Releasing my grip on my almost adult child

Written by Erin Kerry
Published on June 10, 2022

My daughter is a “late bloomer” when it comes to driving. Thanks to COVID slowing things down with government agencies, she got a driver’s permit later than planned. 

By the time she got her permit, at the age of 17, I spent hours on the road with her (30 to be exact), my fingers tightly gripping the door handle of the passenger’s seat, as she made wide turns that had my stomach rolling and abrupt stops and jerking starts that sent all the stress hormones spiraling throughout my body.  

A tight grip

One day, I looked down at how my hand was gripping the door handle, knuckles white and palm sweaty and I realized, this is the true symbolism of parenting. It is a lifetime of holding on and trusting. But it’s also slowly releasing the grip, finger by finger.  

It is waking up at 2 am and praying that her heart will change. It’s dropping her off at a party, not knowing what temptations she will encounter but letting her go anyway. It’s checking the online grade book and wondering why she doesn’t have the inner drive to study just a little bit harder to bump her score up. 

It’s trusting that the friend who picks her up to take her to an event isn’t texting and driving. It’s realizing that she is her own uniquely, fearfully and wonderfully made human, placed here for such a time as this. 

As much as I try, I doubt I’ll be releasing my entire metaphorical grip anytime soon. The saying goes that the days are long but the years are few. I disagree. 

These teen years have been especially long. 

Life lessons to learn

I recently attended church on Baby Dedication Sunday. On this day, at the end of the service, the pastor called parents up with young children who wanted to publicly declare they would strive to raise their child in a Christ-centered home. 

I’m sure every church in the country has a variation of this. At our church, each family was given a glass jar filled with buttons. Each button was to symbolize how many weeks the families had until their child turned 18. It was a sweet moment, and a special reminder of how little time we have with our children in our house. 

But it got me thinking. As I write this, my firstborn child is 15 weeks away from turning 18. By no means do I feel that I have done enough as a mother to prepare her for this world. 

There are still so many life lessons she needs to learn—life skills she has yet to encounter that involve taxes, bills, credit, appointments, insurance, grocery shopping, and cooking, to name a few. 

Do I feel that she is truly ready for the real world? On a deeper level, is she prepared for temptation, heartbreak, betrayal, disappointment, loss, and trials of all kinds I can’t even yet imagine? 

Our heavenly father knows us best

Neuroscience tells us that the prefrontal cortex in the brain, the area where we are able to make clear decisions and control judgment, doesn’t fully mature until around the age of 24 for females, two years ahead of male development at 26.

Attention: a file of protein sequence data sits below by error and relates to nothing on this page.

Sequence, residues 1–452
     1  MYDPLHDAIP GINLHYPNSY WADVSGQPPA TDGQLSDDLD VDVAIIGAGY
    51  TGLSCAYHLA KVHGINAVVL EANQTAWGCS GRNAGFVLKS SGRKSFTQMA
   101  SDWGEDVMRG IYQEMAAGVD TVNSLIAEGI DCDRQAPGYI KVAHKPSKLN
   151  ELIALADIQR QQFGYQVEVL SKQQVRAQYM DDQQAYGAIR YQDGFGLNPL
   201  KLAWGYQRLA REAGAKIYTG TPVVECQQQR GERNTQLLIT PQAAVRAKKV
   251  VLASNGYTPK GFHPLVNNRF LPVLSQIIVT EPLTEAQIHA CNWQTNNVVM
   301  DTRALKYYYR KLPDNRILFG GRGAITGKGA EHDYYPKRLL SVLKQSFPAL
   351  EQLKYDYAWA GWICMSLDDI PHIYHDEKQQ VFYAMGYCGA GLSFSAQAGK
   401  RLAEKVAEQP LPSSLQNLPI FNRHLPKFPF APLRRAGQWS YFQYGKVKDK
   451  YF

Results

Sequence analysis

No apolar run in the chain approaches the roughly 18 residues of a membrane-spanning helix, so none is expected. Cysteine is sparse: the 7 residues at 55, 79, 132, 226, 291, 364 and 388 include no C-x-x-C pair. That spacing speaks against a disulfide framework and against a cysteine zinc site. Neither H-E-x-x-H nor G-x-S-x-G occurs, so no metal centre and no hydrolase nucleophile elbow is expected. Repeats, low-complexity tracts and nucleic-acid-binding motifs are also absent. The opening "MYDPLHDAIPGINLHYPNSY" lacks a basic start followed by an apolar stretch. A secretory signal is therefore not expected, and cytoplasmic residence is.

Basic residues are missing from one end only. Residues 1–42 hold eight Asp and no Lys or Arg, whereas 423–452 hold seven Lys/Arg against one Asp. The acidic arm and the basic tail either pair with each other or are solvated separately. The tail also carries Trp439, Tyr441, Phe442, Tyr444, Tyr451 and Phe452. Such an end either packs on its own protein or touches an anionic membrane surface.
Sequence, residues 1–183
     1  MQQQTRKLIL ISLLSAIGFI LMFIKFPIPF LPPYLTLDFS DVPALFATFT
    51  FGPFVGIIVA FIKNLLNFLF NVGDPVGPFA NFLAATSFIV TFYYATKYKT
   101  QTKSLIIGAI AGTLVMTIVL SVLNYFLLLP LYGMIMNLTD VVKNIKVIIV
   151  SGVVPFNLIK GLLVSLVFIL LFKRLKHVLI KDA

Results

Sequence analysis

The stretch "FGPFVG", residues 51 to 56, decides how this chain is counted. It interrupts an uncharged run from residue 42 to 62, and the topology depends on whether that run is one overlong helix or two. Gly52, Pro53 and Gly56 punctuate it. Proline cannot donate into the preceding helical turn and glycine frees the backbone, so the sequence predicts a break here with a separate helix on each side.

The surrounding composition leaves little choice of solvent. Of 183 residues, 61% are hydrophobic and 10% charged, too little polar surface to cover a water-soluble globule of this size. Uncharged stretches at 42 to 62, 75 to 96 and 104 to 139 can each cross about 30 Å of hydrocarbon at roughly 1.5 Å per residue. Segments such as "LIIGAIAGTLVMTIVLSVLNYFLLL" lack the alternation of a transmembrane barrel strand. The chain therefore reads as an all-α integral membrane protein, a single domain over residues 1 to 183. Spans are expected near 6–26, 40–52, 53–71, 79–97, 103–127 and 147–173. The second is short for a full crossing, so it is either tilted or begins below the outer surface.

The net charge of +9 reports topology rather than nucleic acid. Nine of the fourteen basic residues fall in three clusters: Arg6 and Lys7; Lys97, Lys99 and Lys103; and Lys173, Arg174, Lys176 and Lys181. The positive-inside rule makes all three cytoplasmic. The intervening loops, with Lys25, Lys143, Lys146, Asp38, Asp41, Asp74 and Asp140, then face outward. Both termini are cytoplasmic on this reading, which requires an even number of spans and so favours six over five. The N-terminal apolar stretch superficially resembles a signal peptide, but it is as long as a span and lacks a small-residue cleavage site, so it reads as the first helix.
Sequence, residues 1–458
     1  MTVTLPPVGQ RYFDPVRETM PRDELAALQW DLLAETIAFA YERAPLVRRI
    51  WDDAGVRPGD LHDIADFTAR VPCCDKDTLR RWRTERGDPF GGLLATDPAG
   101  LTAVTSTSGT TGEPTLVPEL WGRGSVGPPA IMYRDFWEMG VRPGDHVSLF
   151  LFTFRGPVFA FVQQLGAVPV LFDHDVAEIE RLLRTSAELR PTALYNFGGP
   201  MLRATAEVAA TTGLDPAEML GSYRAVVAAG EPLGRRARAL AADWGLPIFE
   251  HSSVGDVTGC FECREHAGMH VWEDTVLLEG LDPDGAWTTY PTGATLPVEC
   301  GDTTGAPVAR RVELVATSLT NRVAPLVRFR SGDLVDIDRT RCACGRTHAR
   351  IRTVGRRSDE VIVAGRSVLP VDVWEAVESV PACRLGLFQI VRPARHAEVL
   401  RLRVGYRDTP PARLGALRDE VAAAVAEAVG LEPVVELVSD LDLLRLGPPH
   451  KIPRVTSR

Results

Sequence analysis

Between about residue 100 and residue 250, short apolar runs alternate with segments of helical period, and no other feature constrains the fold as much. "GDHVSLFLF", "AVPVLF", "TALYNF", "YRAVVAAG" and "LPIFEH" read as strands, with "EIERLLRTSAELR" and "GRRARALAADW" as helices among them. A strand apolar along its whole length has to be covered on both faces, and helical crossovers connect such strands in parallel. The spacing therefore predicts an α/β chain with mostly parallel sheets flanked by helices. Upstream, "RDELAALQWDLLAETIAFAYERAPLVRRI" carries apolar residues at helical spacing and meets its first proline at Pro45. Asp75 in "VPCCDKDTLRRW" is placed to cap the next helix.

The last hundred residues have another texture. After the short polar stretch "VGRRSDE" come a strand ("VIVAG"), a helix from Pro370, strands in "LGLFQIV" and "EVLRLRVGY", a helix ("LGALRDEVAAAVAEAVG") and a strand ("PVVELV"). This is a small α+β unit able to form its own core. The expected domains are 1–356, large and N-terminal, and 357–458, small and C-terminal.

I often wonder why as a society we are so ready to usher our children into the “big, bad world” at the age of 18. We give them keys to the car, pack up the trunk, and send them off, completely unsupervised, to live with other humans whose brains are also not fully developed. 

To my own fully-developed, logical brain, this practice doesn’t make sense. But we do it every August.  

No symbolic buttons in a jar can prepare me for letting her into this world as a legal adult. In the last 18 years I have learned that God’s plan for her life is very different from my own. 

I learned that I can’t force her away from pain. I learned that I have very little control in the choices she decides to make. I learned that while those early baby/toddler/elementary years were physically exhausting, the teen years have held a special emotional weight that I wasn’t prepared for.  

While she may continue to gain new freedoms in this new season of life, I will still be here to help her navigate the journey of adulthood. I will still be praying and trusting that ultimately, her heavenly father loves her and knows her better than I ever could. 

He knows the number of purple-dyed hairs on her head. He knows every fear, every middle of the night wake-up, every bit of confusion she faces.  

And I can trust that he will guide her path, even when I’m not there gripping the door handles. 

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Erin Kerry

Erin Kerry is a certified integrative nutrition health coach and mom to three children. She has received training from The Institute for Integrative Nutrition and The School of Applied Functional Medicine. As a survivor of mental illness, she is passionate about advocating for mental health. She is the owner of Sparking Wholeness, host of the Sparking Wholeness podcast, and works as the Integrative Health Coach at Living Well Counseling and Wellness Center in Tyler, Texas.

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